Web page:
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              Pre-eclampsia

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                Author and article information

                Contributors
                Journal
                Front Med (Lausanne)
                Front Med (Lausanne)
                Front. Med.
                Frontiers in Medicine
                Frontiers Media S.A.
                2296-858X
                04 January 2018
                2017
                : 4
                Affiliations
                1The Irish Centre for Fetal and Neonatal Translational Research (INFANT), University College Cork , Cork, Ireland
                2Department of Obstetrics and Gynecology, University College Cork , Cork, Ireland
                3Faculty of Health and Life Sciences, University of Liverpool , Liverpool, United Kingdom
                4School of Chemistry, The University of Manchester , Manchester, United Kingdom
                5The Manchester Institute of Biotechnology, The University of Manchester , Manchester, United Kingdom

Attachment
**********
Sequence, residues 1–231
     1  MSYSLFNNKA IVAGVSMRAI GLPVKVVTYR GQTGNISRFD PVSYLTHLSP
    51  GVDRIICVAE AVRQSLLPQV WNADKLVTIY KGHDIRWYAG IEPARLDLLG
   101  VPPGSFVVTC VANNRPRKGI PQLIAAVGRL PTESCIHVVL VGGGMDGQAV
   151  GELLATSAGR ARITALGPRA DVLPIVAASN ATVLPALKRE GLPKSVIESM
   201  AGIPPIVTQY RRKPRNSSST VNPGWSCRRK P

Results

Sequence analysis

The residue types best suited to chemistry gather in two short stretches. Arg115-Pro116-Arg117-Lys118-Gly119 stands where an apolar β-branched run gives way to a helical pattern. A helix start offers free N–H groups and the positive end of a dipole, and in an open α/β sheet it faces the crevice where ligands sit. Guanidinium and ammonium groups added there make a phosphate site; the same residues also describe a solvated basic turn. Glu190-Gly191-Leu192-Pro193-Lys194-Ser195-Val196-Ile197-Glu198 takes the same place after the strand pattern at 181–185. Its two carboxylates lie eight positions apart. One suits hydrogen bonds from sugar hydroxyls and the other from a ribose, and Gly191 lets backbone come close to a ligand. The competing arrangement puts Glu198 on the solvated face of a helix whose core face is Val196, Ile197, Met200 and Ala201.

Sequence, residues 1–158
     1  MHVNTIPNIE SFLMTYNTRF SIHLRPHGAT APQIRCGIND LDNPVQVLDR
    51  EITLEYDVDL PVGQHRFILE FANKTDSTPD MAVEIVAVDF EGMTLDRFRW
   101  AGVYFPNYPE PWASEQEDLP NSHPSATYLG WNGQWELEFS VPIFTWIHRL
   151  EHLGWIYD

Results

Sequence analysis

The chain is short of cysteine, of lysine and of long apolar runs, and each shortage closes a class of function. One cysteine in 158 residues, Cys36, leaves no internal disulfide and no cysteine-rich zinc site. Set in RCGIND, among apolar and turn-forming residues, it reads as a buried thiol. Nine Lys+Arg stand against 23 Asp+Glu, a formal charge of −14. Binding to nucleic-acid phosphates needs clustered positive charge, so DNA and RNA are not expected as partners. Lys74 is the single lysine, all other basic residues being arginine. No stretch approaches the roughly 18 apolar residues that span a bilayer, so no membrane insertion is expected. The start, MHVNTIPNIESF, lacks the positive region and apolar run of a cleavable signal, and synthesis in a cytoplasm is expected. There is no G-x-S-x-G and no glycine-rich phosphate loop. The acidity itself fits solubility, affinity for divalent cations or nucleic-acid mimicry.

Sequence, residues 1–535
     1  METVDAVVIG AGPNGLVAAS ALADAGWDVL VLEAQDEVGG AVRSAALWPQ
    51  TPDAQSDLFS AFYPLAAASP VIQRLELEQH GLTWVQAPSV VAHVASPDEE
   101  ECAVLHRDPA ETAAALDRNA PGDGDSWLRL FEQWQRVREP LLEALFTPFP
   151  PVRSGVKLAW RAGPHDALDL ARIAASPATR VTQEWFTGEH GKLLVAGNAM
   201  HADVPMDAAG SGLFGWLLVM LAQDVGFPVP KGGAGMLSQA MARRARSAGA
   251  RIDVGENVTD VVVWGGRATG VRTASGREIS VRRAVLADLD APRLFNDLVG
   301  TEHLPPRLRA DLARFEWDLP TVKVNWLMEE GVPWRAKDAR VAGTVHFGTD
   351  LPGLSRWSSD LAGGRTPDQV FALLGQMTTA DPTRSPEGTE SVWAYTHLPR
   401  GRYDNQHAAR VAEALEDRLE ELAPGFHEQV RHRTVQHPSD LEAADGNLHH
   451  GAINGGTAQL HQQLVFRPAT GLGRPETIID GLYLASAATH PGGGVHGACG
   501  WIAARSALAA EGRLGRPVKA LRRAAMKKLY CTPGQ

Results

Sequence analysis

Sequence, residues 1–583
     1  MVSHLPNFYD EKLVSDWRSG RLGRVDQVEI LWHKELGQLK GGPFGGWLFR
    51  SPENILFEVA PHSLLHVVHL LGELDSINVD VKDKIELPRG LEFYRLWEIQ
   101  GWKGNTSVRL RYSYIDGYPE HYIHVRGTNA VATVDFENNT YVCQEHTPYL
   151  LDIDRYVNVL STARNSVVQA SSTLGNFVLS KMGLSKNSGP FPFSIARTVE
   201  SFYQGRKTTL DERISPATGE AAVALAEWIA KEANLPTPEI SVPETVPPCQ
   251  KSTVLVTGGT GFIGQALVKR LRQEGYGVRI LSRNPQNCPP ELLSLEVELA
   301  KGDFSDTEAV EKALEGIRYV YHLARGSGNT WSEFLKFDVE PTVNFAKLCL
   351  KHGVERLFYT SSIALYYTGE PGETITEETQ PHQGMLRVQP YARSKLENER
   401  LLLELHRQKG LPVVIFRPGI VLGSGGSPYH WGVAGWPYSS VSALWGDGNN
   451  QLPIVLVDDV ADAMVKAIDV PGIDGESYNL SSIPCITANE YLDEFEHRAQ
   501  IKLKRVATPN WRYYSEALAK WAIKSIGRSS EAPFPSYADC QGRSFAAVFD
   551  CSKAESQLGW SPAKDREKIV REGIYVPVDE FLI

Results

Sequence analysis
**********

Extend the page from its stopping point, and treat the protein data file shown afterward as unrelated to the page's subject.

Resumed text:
Author notes

                Edited by: Issam Lebbi, Dream Center, Tunisia

                Reviewed by: Stefan Gebhardt, Stellenbosch University, South Africa; Peter Sedlmayr, Medical University of Graz, Austria

                *Correspondence: Douglas B. Kell, dbk@ 123456manchester.ac.uk

                Paper 14 in the series “The dormant blood microbiome in chronic, inflammatory diseases.”

                Specialty section: This article was submitted to Obstetrics and Gynecology, a section of the journal Frontiers in Medicine

                Article
                10.3389/fmed.2017.00239
                5758600
                Copyright © 2018 Kenny and Kell.

                This is an open-access article distributed under the terms of the Creative Commons Attribution License (CC BY). The use, distribution or reproduction in other forums is permitted, provided the original author(s) or licensor are credited and that the original publication in this journal is cited, in accordance with accepted academic practice. No use, distribution or reproduction is permitted which does not comply with these terms.

                Page count
                Figures: 7, Tables: 5, Equations: 0, References: 867, Pages: 39, Words: 37606
                Funding
                Funded by: Biotechnology and Biological Sciences Research Council 10.13039/501100000268
                Award ID: BB/L025752/1
                Funded by: Science Foundation Ireland 10.13039/501100001602
                Award ID: 08/IN.1/B2083, 12/RC/2272
                Categories
                Medicine
                Hypothesis and Theory

                preeclampsia, immunology, microbes, dormancy, semen, infection